Sunday, September 19, 2004

Letting Go

Do you know how a child feels when he let go of a balloon that he loves so much? Or how it feels when you set a bird free, after you took care of it in its cage for so many years? Or of letting your fish swim in the ocean, after it has swam in your aquarium for so long? That’s how I felt when I left my son this morning in school, to join his classmates and teachers to go on a field trip. Of course, you might say that the metaphor isn’t right, because balloons, fishes and birds don’t come back. But my son will surely go home after the trip. Nonetheless, the feeling of fear and anxiety doesn’t differ… perhaps more intense.

Actually, this feeling isn’t really new to me. I felt the same way the first day that I left my boy in school. I was able to survive that, what would make a difference now? I don’t know, but as I was walking away this morning, frequently looking back, I can’t help but worry. Looking at him, so young, small and fragile, after all, he is only eight years old, in the company of absolute strangers, well at least to me. The irony of it all is that my son doesn’t show any sign of fear or anxiety. He looks so happy talking to his friends, mixing, blending, and loosing himself in the crowd, without even looking to check if I’m still there. Maybe that’s what I fear, to realize that my son can already take care of himself.

Ralph Emerson gave me my first taste of fatherhood. Everything that I know about being a father, I owe it all to him. Nobody taught me better than my son, as I walk through life with him, I learn new things everyday. It’s like seeing it all for the first time, through the eyes of a child. And now, he is teaching me again another new thing, that of letting go… too soon. Just when I thought that I was ready for anything that life can give me, now this. I wasn’t prepared for this, I don’t think I ever will be. Again, it’s too soon.

Like they always say, being a father is a tough job. You got to work hard, to be able to provide your children all their needs. You got to be tough, to be able to discipline them. You have to teach them to be good and God-fearing citizens. You have to guide them so that they won’t go in the wrong direction. You have to be tough, in times of trouble for them to feel secure. And you got to be good, to serve as a role model for them. Well, guess what? Those were the easy parts. You have to be tough, to be able to let go. To be distant when you’re not needed to be around. To accept the fact that your child has grown up.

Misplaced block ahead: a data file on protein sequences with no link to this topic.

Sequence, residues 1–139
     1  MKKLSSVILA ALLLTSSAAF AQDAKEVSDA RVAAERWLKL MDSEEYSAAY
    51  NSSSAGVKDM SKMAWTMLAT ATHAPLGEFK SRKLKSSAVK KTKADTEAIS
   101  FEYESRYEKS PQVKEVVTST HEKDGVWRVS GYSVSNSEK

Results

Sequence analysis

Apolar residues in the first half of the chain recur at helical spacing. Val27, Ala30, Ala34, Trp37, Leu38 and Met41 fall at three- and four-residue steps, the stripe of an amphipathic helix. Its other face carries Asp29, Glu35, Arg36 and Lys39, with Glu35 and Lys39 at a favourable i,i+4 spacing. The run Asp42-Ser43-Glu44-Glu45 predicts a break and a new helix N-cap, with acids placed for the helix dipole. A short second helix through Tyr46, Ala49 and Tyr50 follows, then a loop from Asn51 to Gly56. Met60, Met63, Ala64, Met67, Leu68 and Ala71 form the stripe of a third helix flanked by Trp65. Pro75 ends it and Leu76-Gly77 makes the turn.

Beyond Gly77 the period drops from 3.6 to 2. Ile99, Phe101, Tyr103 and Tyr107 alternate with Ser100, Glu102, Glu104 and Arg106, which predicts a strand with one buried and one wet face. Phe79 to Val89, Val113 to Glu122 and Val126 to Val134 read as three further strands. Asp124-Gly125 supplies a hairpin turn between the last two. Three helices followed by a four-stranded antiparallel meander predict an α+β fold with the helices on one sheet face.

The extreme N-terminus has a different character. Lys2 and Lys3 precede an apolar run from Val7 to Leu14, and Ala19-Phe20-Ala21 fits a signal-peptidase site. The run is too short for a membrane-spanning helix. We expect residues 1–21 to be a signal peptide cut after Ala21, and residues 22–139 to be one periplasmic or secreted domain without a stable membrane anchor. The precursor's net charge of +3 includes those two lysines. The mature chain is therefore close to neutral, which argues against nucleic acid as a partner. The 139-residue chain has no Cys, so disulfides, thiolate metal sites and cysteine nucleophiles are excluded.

Perhaps, the father needs the son more that the son needs the father. For through the son, the father develops a sense of confidence and a feeling of security. For through the son, the father has someone who sincerely looks up to him, through the son, the father has enough motivation that can push him through the hardest of times. And only through the son, the father can be.

Now that my son has a taste of freedom, he may like it. He may develop self-confidence, he may discover that he can take care of himself. When that happens, does that mean that I’m through? Am I done being a father? See? I told you. Nothing can make a father more secure than a child that he can be a father to.

You can teach your child lots of things. He may easily grasp some things, while he may have difficulty learning other things. But I think the hardest thing to teach is independence. Because for a child to be independent, you got to let him be independent. That means, no breathing over his shoulders, no checking every five or ten minutes and no looking back when you walk away. It means, you got to let go. Loosen your grip, cut that imaginary string, break those invisible bounderies. You got to let go. It means you also have to be independent from your child. Trust that you have taught him enough, that you have established enough foundation that could carry your child through. Move back and let go.

As I am filled with anxiety and worries about my son going on field trip, I am also excited in meeting him tonight. Back home from field trip, his first field trip. Seeing through his eyes, all the things that he has seen, and I’ll listen to him patiently as he tells me, perhaps with enthusiasm, all the places that he has been, all the things that they did, and everything that he learned today… without me.

September 15, 2000
4:27 PM


Anonymous said...

that really touched me.
i can't imagine myself letting go of my son when time comes, but you made me realize that i have to...
i just hope i could.
nice thought...

Roy said...


thanks for reading my blog and posting a comment.

letting go has never been really easy.

thank again.


Share this post